REM Sleep: Why is it important?

REM sleep is a stage of sleep that is characterized by low muscle tone, rapid eye movements and dreams. It is present in all mammals and has unique physiologic properties that distinguish it from non-REM sleep.

Key Points about REM sleep:

  • Associated with dreams
  • Rapid eye movements
  • Muscles are paralyzed

About REM Sleep

This stage of sleep is also known as ‘paradoxical sleep,’ or ‘desynchronized sleep’, due to the physiological similarities to a person’s waking states; which includes low-voltage, rapid, desynchronized brainwaves. It’s believed that the chemical and electrical activity that regulate this sleep phase originate in the brain stem, and this is most notably characterized by a combination of an abundance of acetylcholine (a neurotransmitter), and the almost complete absence of serotonin, histamine, and norepinephrine (monoamine neurotransmitters). (1)

What is REM Sleep

The punctuated REM sleep is immediately preceded by ponto-geniculo-occipital (PGO) waves, which are electrical bursts of activity originating from the brainstem. Approximately every six seconds during the transition from deep to paradoxical sleep, these waves occur in clusters and last for between one and two minutes. It’s when they move into the visual cortex that they exhibit their highest amplitude, thus causing the rapid eye movements in paradoxical sleep.

REM Sleep and Brain Energy

REM Sleep and Brain Energy In REM sleep, brain energy as measured by glucose and oxygen metabolism, equals or exceeds energy-use in waking. When compared to slow-wave deep sleep, both paradoxical and waking sleep involve higher use of acetylcholine (the neurotransmitter) which may well explain the faster brainwaves. Monoamine neurotransmitters serotonin, histamine, and norepinephrine are completely unavailable. (2)

It’s been discovered that injections of acetylcholinesterase inhibitor can induce paradoxical sleep in both humans and other animals already experiencing slow-wave sleep. This inhibitor effectively increases available acetylcholine. Carbachol has a similar influence, mimicking the effect of acetylcholine on neurons. The same injections in waking humans produce paradoxical sleep, but only when the monamine neurotransmitters are already depleted.

Gamma-Aminobutyric Acid (GABA) and Orexin are two other neurotransmitters that appear to promote wakefulness, decrease during deep sleep, and prevent paradoxical sleep. The brain’s chemical changes indicate continuing periodic oscillation, unlike the sudden changes in electrical patterns.

The Role of the Brain Stem in REM Sleep

During REM sleep, neural activity appears to originate in the brainstem, especially in the locus coeruleus and the pontine tegmentum.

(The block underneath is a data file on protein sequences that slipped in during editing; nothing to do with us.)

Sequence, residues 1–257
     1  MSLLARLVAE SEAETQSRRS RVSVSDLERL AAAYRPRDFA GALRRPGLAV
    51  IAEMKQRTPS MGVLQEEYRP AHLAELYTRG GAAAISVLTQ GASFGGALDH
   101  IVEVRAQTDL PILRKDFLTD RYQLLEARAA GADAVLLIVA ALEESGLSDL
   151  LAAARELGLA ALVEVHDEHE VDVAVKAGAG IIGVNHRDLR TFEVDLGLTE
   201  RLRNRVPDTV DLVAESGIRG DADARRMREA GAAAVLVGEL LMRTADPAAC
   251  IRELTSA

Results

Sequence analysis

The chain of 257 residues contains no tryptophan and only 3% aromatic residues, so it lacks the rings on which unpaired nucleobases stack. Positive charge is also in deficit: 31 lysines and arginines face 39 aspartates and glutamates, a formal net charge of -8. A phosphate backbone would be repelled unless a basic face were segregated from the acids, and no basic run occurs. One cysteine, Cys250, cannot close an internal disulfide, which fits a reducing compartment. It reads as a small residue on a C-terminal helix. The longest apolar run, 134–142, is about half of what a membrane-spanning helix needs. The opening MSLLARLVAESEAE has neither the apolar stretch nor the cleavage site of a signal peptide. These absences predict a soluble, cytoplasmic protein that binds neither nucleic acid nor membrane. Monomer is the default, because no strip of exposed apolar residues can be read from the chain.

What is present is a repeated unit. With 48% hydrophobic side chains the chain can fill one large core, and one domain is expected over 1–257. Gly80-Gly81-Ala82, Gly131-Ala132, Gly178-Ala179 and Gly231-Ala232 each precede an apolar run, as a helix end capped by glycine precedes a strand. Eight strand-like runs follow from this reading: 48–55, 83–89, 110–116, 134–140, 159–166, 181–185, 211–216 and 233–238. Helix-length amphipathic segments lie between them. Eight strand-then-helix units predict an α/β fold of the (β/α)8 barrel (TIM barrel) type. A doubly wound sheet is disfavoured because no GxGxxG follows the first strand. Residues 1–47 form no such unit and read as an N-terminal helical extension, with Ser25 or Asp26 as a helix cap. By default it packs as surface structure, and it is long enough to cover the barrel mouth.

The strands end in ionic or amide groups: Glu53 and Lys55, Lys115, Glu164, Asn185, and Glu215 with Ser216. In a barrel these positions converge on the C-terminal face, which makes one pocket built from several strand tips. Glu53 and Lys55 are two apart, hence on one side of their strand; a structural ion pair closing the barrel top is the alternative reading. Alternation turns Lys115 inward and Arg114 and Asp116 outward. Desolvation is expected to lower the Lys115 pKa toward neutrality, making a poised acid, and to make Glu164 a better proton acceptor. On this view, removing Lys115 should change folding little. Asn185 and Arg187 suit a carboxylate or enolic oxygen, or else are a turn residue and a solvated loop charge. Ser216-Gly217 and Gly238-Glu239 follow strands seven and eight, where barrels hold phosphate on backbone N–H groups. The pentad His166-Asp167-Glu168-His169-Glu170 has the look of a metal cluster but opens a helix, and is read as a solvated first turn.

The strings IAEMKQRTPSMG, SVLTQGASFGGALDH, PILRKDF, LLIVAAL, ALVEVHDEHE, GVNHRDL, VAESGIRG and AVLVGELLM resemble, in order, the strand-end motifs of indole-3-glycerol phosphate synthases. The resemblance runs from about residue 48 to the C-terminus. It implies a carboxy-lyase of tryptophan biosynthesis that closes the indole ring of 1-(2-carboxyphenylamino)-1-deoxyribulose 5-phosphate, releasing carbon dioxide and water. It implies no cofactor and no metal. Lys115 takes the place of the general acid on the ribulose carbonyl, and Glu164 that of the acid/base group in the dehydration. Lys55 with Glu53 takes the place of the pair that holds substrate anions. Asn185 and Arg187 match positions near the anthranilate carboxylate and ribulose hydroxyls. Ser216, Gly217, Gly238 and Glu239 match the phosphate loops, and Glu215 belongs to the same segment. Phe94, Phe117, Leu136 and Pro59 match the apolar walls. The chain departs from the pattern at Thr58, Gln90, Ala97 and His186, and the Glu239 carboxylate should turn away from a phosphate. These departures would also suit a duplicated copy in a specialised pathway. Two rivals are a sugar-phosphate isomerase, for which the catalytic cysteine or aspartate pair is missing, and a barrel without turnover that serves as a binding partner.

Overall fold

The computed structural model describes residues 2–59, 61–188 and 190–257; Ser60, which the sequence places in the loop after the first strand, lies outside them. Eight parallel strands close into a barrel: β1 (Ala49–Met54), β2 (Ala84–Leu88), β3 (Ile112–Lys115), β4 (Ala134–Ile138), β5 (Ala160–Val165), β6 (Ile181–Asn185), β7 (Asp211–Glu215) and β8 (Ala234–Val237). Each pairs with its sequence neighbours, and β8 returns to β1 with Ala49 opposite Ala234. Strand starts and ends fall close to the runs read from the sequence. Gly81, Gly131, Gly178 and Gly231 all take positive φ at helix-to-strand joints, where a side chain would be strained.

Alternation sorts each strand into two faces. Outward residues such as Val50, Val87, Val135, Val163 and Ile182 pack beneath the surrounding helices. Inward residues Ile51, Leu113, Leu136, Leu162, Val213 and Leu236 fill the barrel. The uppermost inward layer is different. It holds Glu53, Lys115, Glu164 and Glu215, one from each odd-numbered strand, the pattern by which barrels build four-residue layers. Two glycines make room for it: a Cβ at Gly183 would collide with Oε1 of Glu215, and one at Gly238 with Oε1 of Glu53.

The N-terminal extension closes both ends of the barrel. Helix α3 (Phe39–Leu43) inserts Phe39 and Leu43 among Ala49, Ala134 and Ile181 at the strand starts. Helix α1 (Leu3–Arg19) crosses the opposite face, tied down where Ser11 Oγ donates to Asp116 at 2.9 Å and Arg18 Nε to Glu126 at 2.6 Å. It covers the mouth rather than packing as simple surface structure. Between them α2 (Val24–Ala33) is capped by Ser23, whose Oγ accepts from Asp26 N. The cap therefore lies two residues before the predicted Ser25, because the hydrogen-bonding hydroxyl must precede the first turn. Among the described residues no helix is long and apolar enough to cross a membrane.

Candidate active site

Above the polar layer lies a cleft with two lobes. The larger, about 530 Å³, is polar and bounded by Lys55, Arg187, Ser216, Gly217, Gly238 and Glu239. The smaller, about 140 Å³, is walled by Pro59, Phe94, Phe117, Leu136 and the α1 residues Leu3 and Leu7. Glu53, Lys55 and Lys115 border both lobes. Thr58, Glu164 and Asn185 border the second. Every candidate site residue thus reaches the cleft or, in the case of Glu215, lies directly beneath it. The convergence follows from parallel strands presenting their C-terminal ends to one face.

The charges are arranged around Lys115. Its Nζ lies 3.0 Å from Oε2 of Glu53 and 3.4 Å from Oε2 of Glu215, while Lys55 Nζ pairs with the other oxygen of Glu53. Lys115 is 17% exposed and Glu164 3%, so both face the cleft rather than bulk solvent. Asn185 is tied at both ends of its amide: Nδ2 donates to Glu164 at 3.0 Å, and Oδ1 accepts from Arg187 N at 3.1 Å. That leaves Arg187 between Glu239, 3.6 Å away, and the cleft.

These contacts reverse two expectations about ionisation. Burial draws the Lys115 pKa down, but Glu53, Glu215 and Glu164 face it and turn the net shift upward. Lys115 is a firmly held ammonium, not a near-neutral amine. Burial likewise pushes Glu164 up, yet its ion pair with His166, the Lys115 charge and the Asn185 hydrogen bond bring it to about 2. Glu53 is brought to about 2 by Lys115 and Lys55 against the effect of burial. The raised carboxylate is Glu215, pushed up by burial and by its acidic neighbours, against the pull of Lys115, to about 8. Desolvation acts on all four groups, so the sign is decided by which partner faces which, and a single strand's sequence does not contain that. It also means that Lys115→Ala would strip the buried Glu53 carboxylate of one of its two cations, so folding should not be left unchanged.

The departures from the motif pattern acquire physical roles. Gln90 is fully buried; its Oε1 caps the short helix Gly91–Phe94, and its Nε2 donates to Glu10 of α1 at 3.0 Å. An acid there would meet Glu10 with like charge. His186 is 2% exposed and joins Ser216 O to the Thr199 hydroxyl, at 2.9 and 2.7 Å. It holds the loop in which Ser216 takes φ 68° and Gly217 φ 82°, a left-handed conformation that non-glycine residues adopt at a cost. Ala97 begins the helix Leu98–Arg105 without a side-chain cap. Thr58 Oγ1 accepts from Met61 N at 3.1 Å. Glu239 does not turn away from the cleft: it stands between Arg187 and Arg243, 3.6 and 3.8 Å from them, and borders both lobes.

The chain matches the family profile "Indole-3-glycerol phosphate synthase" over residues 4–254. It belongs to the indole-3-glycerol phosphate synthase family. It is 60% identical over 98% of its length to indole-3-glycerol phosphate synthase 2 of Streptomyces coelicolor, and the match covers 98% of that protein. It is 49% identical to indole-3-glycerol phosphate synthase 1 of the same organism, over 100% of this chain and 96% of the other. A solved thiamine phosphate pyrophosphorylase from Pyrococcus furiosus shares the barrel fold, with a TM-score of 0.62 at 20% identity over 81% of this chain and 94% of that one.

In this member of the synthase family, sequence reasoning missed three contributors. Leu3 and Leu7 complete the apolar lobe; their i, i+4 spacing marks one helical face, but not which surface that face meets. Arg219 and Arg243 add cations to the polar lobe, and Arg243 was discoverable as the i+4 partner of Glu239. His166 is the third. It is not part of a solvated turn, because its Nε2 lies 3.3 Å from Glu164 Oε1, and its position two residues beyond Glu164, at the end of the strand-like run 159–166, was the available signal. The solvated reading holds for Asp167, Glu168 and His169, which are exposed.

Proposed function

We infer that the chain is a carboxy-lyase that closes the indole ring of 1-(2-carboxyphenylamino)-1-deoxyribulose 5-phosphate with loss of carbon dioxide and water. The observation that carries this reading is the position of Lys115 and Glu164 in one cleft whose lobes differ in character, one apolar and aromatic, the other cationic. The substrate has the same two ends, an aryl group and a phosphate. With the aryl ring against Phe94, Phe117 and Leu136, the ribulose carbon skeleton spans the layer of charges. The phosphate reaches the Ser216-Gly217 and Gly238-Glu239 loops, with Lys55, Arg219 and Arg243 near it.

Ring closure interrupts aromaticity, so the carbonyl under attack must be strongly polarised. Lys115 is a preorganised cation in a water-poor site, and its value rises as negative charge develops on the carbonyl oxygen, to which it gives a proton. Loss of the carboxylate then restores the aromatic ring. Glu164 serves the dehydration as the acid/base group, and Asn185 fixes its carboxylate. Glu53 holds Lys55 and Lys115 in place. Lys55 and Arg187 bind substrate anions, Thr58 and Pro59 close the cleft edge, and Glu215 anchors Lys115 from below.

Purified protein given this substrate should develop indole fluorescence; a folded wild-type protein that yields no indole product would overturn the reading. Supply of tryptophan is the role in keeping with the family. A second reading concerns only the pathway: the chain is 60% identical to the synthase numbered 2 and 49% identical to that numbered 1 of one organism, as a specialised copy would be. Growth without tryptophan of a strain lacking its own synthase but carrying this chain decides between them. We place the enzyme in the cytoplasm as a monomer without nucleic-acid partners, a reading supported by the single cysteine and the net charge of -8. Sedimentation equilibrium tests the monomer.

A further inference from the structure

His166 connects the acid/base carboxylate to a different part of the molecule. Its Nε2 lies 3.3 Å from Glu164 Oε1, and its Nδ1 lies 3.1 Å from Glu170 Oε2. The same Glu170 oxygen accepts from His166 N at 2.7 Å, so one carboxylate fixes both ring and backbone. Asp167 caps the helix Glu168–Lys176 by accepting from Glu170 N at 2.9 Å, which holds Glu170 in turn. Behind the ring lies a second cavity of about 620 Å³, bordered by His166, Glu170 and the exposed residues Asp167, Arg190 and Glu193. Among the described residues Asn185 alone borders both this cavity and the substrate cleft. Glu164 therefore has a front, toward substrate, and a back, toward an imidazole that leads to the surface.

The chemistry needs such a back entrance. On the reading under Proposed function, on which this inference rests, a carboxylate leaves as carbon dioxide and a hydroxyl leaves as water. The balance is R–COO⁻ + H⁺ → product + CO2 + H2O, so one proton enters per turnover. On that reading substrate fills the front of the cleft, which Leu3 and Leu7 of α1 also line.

As per the activation synthesis theory suggested by Allan Hobson and Robert McCarley in 1975-1977, controlling REM sleep involves REM-on and REM-off neuron pathways in the brainstem. REM-on neurons are mainly cholinergic, meaning that they involve acetylcholine; while REM-off neurons activate noradrenaline and serotonin, which, among other functions overpower the REM-on neurons. It was suggested by Hobson and McCarley that the REM-on neurons stimulate the REM-off neurons, thus becoming the mechanism for the cycling that occurs between REM and non-REM sleep. Lotka-Volterra equations were used to explain this cyclical inverse relationship. (3)

In 1981, Michael Jouvet and Kayuza Sakai proposed a similar model. It appears that during both wakefulness and REM, acetylcholine manifests in the cortex equally; but during REM it appears in higher concentrations in the brain stem.

Withdrawing GABA and Orexin may explain the absence of the other excitatory neurotransmitters. Positron emission tomography was used in research in the 1990s and confirmed the role of the brain stem. This research also suggested that the paralimbic and limbic systems within the forebrain, which are generally connected with emotion, showed greater activation than other areas.

Why is REM Sleep Important

REM sleep, or Rapid Eye Movement Sleep is one of the stages of sleep. It is the stage of sleep most associated with dreaming. During REM sleep the brain and body act very different than they do during other stages of sleep. During this stage of sleep the skeletal muscles act as if they are paralyzed. In fact all voluntary muscles, except for eye muscles are atonic, or without movement. This probably had some evolutionary benefit as it protected us and others from injury, as we would otherwise act out our dreams. (4)Why is REM Sleep Important